In my last "Behind the Image" article I talked about looking where other photographers aren't. This week I'd like to talk about the importance of being ready for just about anything — particularly when it comes to wildlife photography, as well as how images can impact our behaviors.
A year and a half ago, I traveled from New York to Cabo san Lucas, Mexico to shoot the then new free-diving expedition—the Pelagic Safari. The goal of the shoot was to highlight the amazing array of life for which the waters surrounding the Baja peninsula are known. For those who are unfamiliar, the region is a an absolute Mecca for marine life. Within minutes of leaving the marina, multiple shark species, sea lions, schooling fish, dolphins, orcas, humpbacks, and many others can be found.
However, I set off specifically to find silky sharks.
I was told the journey out of the marina to deeper water would take us about a half hour. Knowing I had some time to relax, I threw my wetsuit on halfway, and sat back to enjoy the flat, royal blue sea ahead of me. I had a brand new Nauticam underwater housing that was a little different from my previous one, and so I found myself wanting to make sure things were just right.
As I tried to memorize the slightly different layout and get my go to settings (f/8.0, 1/125 sec, ISO 100) sorted, the boat started to slow. Suddenly, it took a sharp turn to the left. The boat captain pointed towards a large plastic bottle floating on the surface. We headed to retrieve it. As we approached the bottle, we noticed there was a bit more too it. In the middle of a bunch of tangled ropes, a frightened sea turtle sat.
While all eyes on board were affixed with laser focus and concern, the turtle appeared equally surprised and alert. Unable to descend because of the plastic bottle, the turtle was in a very sad predicament. The gentle creature was a sitting duck for predators. Upon closer inspection, we noticed the ropes had hooks on each end. They had seen it before. The sea turtle was entangled in a baiting contraption left by shark fisherman.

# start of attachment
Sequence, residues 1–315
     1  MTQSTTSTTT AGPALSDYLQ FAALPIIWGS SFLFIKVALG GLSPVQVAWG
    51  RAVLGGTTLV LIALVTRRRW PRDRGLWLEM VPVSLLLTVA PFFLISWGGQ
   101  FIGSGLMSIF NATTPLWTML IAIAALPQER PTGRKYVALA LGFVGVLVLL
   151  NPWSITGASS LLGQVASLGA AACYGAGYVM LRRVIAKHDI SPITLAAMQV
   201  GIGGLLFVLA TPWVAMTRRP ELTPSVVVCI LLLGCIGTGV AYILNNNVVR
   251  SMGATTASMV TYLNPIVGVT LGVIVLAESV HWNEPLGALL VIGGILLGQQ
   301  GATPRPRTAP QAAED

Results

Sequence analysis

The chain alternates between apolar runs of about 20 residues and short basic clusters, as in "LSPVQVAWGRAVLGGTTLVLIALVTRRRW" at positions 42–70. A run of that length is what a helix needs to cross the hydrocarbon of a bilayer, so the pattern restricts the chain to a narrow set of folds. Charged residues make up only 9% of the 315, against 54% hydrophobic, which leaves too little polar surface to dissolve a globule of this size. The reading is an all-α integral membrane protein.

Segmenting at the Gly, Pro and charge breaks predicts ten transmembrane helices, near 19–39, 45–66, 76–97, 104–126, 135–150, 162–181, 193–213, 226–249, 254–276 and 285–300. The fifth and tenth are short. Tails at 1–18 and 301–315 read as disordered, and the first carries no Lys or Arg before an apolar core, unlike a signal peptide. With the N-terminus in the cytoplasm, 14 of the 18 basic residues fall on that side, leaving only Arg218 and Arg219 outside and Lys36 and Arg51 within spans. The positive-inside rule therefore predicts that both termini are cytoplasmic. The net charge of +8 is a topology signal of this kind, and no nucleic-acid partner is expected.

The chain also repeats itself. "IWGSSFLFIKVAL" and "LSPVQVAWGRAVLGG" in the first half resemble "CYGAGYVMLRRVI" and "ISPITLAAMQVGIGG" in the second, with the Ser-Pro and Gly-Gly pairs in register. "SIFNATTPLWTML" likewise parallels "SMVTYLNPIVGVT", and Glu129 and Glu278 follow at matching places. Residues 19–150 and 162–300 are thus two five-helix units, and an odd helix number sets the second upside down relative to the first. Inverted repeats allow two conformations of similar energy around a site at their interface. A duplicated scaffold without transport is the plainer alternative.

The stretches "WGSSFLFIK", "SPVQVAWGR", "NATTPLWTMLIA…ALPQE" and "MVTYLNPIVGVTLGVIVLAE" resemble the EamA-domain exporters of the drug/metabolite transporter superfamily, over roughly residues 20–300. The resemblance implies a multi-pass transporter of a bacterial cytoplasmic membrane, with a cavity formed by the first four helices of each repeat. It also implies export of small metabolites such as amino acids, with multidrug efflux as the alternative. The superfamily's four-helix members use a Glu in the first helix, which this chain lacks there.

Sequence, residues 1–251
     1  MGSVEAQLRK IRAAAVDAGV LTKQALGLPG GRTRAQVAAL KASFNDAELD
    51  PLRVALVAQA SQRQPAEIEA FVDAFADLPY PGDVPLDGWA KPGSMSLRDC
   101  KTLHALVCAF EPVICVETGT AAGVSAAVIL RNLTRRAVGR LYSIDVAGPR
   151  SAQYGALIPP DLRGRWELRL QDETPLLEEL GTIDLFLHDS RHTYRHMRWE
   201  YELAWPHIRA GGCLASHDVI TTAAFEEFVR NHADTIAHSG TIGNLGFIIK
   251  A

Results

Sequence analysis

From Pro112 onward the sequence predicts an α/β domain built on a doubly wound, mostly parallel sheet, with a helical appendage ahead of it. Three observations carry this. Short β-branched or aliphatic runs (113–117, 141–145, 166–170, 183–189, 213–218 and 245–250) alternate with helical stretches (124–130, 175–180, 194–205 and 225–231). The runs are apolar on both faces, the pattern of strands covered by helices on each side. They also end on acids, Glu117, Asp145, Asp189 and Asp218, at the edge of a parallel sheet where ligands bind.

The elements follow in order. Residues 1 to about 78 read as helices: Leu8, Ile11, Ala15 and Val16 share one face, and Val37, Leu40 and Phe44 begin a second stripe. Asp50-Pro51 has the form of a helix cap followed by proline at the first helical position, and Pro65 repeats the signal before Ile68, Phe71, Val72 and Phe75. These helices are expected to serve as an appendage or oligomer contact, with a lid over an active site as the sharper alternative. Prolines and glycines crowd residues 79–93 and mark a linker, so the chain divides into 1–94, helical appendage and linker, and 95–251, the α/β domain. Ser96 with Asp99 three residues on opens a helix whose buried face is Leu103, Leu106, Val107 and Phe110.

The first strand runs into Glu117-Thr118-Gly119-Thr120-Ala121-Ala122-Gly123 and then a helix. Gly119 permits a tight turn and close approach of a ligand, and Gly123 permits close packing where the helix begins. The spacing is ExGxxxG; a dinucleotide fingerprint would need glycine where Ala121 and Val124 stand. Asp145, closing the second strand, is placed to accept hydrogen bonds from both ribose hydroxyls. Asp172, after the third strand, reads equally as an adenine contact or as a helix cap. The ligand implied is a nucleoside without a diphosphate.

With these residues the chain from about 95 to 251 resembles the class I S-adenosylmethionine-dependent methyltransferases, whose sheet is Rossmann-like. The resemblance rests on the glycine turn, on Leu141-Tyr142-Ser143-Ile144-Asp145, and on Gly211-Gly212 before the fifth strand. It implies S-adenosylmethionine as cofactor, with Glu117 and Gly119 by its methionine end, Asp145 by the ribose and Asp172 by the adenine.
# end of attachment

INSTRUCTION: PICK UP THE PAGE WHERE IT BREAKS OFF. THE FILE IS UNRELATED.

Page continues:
As we geared up to get in the water, I was thankful I had done all of my pre-dive housing inspections. The dive guide entered the water and proceeded to start removing the rope from the turtles fore flipper. I followed behind, circling around the pair, all too cognizant of the fact that we were levitating over ~1,500 feet of blue open water with a sea turtle and shark baiting contraption!
While it took a few minutes to remove the contraption, I prefer this image, which was taken seconds after the sea turtle was freed. Besides a bit of chaffing, it seemed okay as it quickly swam south with a few new friends. As I reviewed my images later, a great sadness came over me. Despite the joy and satisfaction of the day's rescue mission, I thought about all of the others out there who would not find help. Sharing this story with others is one thing, but having an image to go along with it can hopefully make a few of us stop and think about how our actions impact the lives around us, however remotely or indirectly it may be at times.